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   Re: [xml-dev] Identifying Data for Interchange [was: XML Components]

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----- Original Message -----
From: "Michael Kay" <michael.h.kay@ntlworld.com>
To: "'Roger L. Costello'" <costello@mitre.org>; <xml-dev@lists.xml.org>
Sent: Sunday, January 05, 2003 10:51 AM
Subject: RE: [xml-dev] Identifying Data for Interchange [was: XML

> > Thus, distance is poor interchange data...
> >
> > Good interchange data is position.
> The only way I know of to identify spatial position is as a distance
> from some agreed origin.

This is incorrect.  Position is a vector, measured with respect to some
origin.  Distance from such an origin is a scalar, and requires an
additional direction relative to some reference line to convey as much

From knowledge of the position and the origin from which it is measured, you
can determine anything that a distance would give you, but it may be less
convenient for the logic you're trying to apply.

For instance, if you're trying to invoke some rule that says "when within 10
miles of JFK airport, switch cockpit radio to channel 3", having a distance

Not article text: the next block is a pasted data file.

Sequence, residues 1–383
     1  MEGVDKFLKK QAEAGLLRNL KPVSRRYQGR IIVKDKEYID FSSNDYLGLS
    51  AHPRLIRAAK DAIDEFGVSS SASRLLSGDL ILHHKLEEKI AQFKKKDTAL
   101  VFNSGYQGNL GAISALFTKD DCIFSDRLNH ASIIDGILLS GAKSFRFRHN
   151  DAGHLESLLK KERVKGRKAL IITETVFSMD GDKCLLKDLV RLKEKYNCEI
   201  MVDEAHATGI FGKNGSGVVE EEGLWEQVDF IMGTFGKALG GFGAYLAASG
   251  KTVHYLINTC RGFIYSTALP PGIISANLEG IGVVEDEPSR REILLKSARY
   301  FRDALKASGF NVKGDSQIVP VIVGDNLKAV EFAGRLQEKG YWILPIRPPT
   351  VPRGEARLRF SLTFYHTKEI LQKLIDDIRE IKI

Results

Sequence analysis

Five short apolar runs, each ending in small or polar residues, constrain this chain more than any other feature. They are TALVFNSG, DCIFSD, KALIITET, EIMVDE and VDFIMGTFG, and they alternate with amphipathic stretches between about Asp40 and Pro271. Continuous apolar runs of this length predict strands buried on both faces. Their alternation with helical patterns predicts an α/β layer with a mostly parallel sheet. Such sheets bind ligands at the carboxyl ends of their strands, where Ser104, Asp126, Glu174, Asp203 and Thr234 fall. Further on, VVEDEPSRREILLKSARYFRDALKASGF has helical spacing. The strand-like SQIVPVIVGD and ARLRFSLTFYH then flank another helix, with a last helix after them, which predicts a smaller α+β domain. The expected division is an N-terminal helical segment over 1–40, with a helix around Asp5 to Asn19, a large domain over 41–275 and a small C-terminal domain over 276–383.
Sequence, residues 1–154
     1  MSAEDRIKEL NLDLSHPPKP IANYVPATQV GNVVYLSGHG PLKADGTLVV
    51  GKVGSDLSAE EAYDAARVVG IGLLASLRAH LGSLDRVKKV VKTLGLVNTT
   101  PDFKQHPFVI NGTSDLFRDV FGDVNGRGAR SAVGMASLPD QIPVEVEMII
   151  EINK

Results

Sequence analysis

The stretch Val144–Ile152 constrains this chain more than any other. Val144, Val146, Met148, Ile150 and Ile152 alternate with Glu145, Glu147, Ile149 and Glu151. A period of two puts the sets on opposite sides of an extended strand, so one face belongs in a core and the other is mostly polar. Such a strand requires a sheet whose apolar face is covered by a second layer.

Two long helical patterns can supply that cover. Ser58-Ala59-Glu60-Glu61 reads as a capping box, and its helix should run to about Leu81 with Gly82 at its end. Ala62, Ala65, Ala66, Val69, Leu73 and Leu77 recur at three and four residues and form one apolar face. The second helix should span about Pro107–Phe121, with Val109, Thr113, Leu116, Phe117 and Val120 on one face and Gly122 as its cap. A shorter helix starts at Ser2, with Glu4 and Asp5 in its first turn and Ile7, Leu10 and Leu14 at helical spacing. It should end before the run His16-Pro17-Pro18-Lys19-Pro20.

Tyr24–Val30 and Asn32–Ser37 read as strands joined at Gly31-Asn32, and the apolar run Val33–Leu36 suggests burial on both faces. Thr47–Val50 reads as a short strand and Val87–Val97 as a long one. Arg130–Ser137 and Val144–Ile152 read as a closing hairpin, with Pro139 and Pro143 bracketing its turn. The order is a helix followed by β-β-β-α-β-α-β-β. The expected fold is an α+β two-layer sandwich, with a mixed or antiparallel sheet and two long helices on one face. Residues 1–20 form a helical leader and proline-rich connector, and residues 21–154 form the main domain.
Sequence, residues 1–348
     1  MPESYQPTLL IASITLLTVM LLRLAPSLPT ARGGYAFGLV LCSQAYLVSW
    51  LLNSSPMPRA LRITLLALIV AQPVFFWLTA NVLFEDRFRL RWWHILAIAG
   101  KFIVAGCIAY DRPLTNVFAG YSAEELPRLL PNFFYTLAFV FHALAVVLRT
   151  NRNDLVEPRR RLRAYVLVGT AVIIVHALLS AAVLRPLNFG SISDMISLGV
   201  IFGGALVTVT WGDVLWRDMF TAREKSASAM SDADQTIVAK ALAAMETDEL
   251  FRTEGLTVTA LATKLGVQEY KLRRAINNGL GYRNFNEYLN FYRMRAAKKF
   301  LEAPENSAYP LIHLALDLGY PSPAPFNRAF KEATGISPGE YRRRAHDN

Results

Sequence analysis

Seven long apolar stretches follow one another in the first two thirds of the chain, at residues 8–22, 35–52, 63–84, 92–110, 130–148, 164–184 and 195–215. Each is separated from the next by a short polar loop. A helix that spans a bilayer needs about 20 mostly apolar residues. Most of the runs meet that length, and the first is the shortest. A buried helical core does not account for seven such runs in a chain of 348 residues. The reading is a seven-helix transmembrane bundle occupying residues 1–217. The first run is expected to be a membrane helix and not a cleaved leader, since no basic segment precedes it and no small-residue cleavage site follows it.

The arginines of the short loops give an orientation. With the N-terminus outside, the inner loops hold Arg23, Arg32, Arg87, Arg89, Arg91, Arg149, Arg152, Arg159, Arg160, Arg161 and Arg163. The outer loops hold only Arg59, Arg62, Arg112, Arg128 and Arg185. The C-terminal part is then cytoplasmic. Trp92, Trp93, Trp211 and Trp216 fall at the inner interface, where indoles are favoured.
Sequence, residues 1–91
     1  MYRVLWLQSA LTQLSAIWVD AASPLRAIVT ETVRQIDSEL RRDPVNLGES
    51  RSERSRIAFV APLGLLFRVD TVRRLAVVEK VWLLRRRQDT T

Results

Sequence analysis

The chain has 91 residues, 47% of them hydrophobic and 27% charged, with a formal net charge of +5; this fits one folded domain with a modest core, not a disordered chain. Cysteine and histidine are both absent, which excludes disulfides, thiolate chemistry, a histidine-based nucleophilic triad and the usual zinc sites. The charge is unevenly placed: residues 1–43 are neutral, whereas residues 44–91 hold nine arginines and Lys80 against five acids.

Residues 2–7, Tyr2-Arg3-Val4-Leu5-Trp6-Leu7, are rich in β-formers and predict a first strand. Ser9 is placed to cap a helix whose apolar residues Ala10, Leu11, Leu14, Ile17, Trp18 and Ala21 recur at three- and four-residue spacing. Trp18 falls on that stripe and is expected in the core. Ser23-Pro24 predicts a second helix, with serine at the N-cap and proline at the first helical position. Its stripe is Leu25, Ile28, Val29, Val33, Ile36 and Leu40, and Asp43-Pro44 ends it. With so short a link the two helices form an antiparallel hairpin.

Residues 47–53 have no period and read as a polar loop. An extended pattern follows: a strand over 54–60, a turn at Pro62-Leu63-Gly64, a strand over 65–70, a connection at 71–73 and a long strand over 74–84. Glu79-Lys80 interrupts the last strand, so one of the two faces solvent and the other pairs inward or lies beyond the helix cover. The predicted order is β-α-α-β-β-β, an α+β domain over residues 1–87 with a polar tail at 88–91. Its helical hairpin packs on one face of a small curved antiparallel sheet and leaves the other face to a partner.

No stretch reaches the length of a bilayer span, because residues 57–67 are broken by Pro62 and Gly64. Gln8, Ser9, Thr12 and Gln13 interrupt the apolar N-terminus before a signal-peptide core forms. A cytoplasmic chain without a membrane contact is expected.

from JFK sirport is more convenient than having a position (even with
respect to JFK as origin).  If all you have is a distance from Heathrow
airport, you cannot tell whether you are anywhere near New York, since the
distance only specifies a spherical surface centered on Heathrow.  If you
have just the position, you need to compute the distance to determine the
applicability of the rule.  In real life, the air traffic control region of
a given airport is probably not a sphere (I am ignorant of any real-life
details).  Probably you would be better off knowing the position, and
computing whether it lies within the boundaries of the air traffice control
region of an airport.

Of course, the other issues raised in this thread, such as different ways of
computing distance from a position (does the altitude take part in the
distance computation, the origin of the altitude computation, relative to an
ellipsoid, or actual ground level, or sea level, the units of measure and
reference locations, all are important.  The auxiliary information that
specifies the reference locations and coordinate systems must be either
passed along with the position data or be shared knowledge between sender
and receiver.



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